Kotlin Koans—Part 14

I have always had a huge complaint about Java’s collection classes. The complaint involves switching between types of collections. For example, let’s suppose you have an ArrayList and you want to switch it to a set. Here is how you would do it in Java.

public class CollectionConvert {
    public static void main(String [] args){
        List lst = Arrays.asList(1, 2, 3);
        Set set = new HashSet(lst);
    }
}

Ok so let’s be honest here. It’s not as if it’s really that difficult to convert a List to a Set in Java. All of the constructors of the Java collection class accept another collection so we can pass an existing collection into a new collection to handle switching between collection types.

But let’s face the fact. It can be better than this. We are using two lines of code that could be done with one piece of code instead. Here is how it’s done in Kotlin.

fun Shop.getSetOfCustomers(): Set {
    // Return a set containing all the customers of this shop
    return customers.toSet()
}

Kotlin extends Java’s collection classes with these sort of conversion method. It may not seems like a big deal until you want to do something like this.

val lst = arrayListOf(1, 2, 3, 3, 4, 5, 6, 6, 7, 8, 9)

//Filter out duplicates and maintain a list
val noDuplicates = lst.toSet().toList()
//continue working with list instead of set...

The Set interface lacks method such as get(index). Sometimes it’s helpful to remove all duplicates in a list prior before working on the list. Java 8 does a lot of help with this problem, but I still think Kotlin is more consice.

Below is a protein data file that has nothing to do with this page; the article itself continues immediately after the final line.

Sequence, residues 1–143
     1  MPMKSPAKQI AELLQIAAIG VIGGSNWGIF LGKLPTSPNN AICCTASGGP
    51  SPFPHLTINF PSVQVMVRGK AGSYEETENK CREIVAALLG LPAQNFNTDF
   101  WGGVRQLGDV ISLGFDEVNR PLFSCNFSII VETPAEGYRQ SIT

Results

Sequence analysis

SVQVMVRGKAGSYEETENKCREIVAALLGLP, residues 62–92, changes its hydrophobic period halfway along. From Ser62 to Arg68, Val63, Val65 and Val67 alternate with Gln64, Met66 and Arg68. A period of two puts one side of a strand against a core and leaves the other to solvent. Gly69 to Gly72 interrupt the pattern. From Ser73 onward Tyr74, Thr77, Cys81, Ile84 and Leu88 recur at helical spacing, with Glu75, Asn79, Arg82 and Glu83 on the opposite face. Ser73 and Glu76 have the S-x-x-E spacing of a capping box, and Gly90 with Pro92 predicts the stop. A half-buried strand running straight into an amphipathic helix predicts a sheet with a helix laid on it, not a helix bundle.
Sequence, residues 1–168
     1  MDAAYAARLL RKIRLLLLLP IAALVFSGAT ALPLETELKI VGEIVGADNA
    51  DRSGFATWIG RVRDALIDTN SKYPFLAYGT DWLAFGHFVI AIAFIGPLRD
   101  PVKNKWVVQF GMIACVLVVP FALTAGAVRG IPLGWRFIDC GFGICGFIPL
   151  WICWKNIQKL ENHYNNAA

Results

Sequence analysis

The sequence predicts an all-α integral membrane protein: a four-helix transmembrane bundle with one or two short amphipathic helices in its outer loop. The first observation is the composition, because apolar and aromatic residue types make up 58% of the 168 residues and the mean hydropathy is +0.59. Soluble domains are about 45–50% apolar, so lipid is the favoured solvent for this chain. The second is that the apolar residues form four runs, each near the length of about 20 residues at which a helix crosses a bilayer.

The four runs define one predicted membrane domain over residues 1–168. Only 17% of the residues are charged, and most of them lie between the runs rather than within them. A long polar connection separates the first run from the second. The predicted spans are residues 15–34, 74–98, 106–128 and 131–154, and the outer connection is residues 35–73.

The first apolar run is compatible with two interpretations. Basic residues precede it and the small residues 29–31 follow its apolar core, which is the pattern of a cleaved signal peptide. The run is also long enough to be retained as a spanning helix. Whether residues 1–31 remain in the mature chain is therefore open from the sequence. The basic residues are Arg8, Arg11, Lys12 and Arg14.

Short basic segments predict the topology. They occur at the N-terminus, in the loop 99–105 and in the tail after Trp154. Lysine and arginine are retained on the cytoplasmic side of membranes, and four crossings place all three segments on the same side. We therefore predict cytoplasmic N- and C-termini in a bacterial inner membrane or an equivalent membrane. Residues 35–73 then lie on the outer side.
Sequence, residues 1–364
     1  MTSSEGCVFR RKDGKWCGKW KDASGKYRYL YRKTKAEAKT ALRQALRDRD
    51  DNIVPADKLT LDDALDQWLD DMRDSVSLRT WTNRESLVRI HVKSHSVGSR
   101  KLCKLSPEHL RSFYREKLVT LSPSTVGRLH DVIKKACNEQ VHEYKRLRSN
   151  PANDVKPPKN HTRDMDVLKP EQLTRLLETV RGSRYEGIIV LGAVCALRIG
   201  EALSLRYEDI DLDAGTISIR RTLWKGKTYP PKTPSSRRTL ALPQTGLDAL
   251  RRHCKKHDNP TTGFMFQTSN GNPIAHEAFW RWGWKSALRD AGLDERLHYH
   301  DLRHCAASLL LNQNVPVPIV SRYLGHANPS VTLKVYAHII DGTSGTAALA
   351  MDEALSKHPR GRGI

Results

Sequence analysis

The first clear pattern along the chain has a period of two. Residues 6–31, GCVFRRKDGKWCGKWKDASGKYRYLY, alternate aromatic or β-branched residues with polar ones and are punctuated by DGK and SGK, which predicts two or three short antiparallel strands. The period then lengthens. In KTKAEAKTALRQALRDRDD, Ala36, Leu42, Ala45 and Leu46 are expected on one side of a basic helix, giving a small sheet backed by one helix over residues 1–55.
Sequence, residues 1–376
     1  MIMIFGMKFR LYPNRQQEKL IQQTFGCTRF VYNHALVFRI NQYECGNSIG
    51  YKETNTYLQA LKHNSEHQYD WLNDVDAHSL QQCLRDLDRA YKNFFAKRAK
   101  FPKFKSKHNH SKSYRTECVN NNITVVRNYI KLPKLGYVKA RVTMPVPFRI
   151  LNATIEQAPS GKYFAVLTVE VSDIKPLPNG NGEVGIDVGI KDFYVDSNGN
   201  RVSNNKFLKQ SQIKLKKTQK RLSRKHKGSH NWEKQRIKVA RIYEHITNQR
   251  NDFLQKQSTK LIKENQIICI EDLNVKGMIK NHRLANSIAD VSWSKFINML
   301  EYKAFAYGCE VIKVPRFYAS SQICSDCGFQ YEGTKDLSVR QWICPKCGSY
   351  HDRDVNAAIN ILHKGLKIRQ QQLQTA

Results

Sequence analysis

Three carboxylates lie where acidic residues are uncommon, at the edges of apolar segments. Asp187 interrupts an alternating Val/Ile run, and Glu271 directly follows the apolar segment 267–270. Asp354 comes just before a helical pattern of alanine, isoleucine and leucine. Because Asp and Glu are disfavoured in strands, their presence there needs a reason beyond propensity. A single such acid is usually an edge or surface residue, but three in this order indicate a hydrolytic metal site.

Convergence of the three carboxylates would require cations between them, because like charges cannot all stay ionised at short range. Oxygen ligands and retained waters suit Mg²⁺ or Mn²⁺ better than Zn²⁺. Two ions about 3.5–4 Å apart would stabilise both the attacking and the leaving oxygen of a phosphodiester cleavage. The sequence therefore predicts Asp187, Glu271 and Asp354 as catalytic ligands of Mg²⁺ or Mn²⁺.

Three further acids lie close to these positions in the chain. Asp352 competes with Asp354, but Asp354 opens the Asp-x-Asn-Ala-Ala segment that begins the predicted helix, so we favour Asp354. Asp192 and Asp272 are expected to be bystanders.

List lst = Arrays.asList(1, 1, 1, 2, 2, 2, 3, 3, 3);
List noDuplicates = lst.stream().distinct().collect(Collectors.toList());

You can click here to see Part 13

Kotlin Koan—Part 13

Kotlin has nice extensions on Collection classes. JDK has provided developers a way to sort collections for a long time now, but often times, it’s done with external classes such as Collections. This puts us in a odd position of using procedural programming when performing operations such as sorting a collection.

A more OOP approach would be to have a sort method directly on a Collection as opposed to passing a collection to an external class with a static method. Kotlin extends Java collections by using its extension feature to complement the collection classes found in JDK.

Here is an example that demonstrates how to sort an ArrayList in Java.

fun task12(): List {
    val lst =  arrayListOf(1, 5, 2)
    lst.sortDescending()
    return lst
}

If all fairness to Java, JDK 8 did address this issue. Here is the equivalent Java code that does the same thing.

public class CollectionSort {
    public List sortList(){
        List lst = Arrays.asList(1, 5, 2);
        lst.sort(Comparator.reverseOrder());
        return lst;
    }
}

I’m not going to complain too much about the Java 8 syntax, but I think sortDescending() and sortAcending() is more readable than Comparator.natualOrder() and Comparator.reverseOrder(). However, the Kotlin approach is much superior to JDK 7 and earlier.

You can read the previous post here.

Kotlin Koans—Part 3

The last tutorial’s challange was to take a collection and assemble it into a string using StringBuilder. Java 8 finally gave developers a way to join a String, but Kotlin seems to make it even easier.

This partion of the Kotlin Koans tutorial has us using collection::joinToString. Using Kotlin, we can assemble an entire collection into a String using just one line of code.

fun task2(collection: Collection): String {
    return collection.joinToString(", ", "{", "}")
}

This code is functionally equivalent to what we did in part 2. I also learned a little bit more about the language. Kotlin let’s us have default parameters in our methods. I have to say, while I appreciate Java’s method overloading capabilities, there are times where it’s simplier to use default parameters.

You can click here to see Part 2 or Part 4